Easing the End - Working in Hospice Care
Dr. Elisabeth Kubler Ross, author of the book "On Death and Dying," also
considered to be the founder of the death with dignity and hospice care
movement said, "There is no joy without hardship. If not for death, would
we appreciate life? Those who learn to know death, rather than to fear
and fight it, become our teachers about life." The entire philosophy
behind end-of-life care, often called hospice or palliative care, is
about love, kindness, and dignity-and learning to appreciate life.
Helping to ease the pain and grief that comes with death is the role of
those rare individuals that are willing to work with the dying.
Physician assistants are an integral part of a hospice team; if you are
currently pursuing a degree in an online allied health program and are
interested in one of the top paying health care careers, consider working
in hospice care. It is a labor of love, and a field where a physician's
assistant can really help patients and their families.
What is Palliative (Hospice) Care?
Palliative Care tackles both the physical and the psychological aspects
of the end of life. According to the World Health Organization (WHO),
palliative care is "an approach that improves the quality of life of
patients and their families facing the problem associated with life-
threatening illness, through the prevention and relief of suffering by
means of early identification and impeccable assessment and treatment of
pain and other problems, physical, psychosocial and spiritual."
The WHO goes on to list the following to describe hospice care:
Provides relief from pain and other distressing symptoms
Affirms life and regards dying as a normal process
Intends neither to hasten or postpone death
Integrates the psychological and spiritual aspects of patient care
Offers a support system to help patients live as actively as possible
Offers a support system to help the family cope during the patients
illness and in their own bereavement
Uses a team approach to address the needs of patients and their families,
including bereavement counseling, if indicated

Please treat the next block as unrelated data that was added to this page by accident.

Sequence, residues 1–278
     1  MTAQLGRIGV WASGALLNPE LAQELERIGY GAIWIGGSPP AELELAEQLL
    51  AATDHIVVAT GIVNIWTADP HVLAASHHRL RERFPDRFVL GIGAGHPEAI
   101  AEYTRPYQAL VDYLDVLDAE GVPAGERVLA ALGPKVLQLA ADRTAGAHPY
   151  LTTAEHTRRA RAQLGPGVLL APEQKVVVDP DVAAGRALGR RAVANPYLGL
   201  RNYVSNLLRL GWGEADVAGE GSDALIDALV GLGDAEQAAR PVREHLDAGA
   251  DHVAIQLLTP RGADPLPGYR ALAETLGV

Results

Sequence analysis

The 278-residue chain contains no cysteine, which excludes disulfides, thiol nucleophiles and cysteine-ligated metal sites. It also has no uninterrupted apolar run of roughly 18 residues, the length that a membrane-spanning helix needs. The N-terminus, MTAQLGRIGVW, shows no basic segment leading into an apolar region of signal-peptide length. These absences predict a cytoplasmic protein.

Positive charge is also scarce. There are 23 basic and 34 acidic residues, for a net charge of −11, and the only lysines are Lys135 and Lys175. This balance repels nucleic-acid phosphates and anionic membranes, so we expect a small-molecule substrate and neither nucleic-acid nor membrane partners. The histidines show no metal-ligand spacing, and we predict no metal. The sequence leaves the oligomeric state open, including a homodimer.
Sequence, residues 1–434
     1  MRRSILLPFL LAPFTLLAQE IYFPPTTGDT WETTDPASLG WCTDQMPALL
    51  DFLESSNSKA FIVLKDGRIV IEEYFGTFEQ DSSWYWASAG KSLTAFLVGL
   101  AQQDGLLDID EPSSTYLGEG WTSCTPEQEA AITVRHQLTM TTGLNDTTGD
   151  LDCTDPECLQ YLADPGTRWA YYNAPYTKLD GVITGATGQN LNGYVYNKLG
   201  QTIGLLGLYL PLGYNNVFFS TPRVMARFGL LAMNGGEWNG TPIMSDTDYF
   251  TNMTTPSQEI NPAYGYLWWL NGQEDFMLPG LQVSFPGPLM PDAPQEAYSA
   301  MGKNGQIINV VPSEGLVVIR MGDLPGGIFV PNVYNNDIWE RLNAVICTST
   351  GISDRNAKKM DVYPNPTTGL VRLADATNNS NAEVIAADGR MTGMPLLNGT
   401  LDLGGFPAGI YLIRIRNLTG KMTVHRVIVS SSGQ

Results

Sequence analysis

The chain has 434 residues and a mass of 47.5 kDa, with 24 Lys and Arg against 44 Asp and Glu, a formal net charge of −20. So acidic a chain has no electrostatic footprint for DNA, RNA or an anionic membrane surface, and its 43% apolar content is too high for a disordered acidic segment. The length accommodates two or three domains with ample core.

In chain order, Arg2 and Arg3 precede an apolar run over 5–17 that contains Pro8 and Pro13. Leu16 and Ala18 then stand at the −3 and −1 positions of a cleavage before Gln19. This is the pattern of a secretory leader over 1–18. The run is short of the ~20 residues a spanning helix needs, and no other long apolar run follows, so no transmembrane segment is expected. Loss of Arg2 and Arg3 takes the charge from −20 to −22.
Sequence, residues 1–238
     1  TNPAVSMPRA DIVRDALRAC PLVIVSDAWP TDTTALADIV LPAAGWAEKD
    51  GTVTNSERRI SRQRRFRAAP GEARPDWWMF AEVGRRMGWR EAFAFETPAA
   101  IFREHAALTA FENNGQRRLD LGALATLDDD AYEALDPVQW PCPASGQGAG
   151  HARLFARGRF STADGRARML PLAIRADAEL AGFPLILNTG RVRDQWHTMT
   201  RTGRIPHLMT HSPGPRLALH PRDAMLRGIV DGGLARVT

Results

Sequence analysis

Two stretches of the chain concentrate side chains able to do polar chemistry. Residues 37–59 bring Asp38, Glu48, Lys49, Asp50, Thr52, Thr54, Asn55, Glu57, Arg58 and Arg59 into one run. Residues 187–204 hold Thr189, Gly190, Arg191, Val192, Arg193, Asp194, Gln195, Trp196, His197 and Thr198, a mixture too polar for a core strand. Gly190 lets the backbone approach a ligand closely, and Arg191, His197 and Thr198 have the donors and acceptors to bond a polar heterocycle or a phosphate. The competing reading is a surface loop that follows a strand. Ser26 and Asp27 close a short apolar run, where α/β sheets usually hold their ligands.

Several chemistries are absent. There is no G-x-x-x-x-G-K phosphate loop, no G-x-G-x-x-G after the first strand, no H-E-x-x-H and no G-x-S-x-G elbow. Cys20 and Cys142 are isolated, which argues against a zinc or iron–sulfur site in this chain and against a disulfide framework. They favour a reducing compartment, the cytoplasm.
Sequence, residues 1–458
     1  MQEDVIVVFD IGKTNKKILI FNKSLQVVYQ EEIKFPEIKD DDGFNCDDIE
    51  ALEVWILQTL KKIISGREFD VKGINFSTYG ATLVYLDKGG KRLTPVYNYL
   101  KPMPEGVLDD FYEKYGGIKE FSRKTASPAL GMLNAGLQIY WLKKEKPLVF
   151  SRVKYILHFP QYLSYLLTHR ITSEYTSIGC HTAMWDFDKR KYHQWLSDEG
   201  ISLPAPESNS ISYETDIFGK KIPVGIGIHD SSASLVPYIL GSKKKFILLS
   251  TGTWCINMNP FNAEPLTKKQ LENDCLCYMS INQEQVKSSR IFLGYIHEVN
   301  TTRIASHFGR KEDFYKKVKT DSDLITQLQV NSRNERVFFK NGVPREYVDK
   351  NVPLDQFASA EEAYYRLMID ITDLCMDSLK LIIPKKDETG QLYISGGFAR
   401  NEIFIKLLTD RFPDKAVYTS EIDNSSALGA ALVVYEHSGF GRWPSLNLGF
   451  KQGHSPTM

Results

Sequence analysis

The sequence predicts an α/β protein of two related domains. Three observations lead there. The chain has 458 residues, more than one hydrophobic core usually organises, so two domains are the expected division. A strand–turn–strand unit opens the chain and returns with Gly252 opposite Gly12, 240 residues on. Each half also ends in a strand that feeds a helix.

Will enhance quality of life, and may also positively influence the
course of illness
Is applicable early in the course of illness, in conjunction with other
therapies that are intended to prolong life, such as chemotherapy or
radiation therapy, and includes those investigations needed to better
understand and manage distressing clinical complications.
What Comprise a Hospice Team?
A hospice team is made up of physicians, nurses, home care aids, social
workers, therapists and counselors, and the family of the dying
individual. Hospice care is often provided both in the home and in a
Because of our aging population, hospice care is in high demand, and
there is a critical shortage of those special people that can work in the
hospice field. Home Care Aids are especially in high demand in the
hospice field, and this allied health career offers stability and
substantial personal and financial reward.
How Do I Work in Hospice Care?
Hospice workers are obviously physicians and nurses, but there are many
allied health professionals who also provide this important care. Home
Care Aids are a large part of a hospice care team, offering the kind of
intimate care that is needed for the very sick.
Most community, career, and vocational college offer Home Care Aid
certification programs. In order to work in the Medicare system, specific
guidelines must be met, and home care aids must pass a specific test.
Most programs are between one and two years.
A Special Gift: A Peaceful Passing
Working in hospice care requires a special person. Because the focus is
on comfort rather than cure, most patients in hospice care are in their
last six months of life. Hospice care provides patients with pain and
symptom relief as well as emotional support for the patients and their
If you want to give the gift of death with dignity and an absence of
pain, perhaps working in hospice care if right for you. Helping ease the
end for the terminally ill is quite a gift indeed.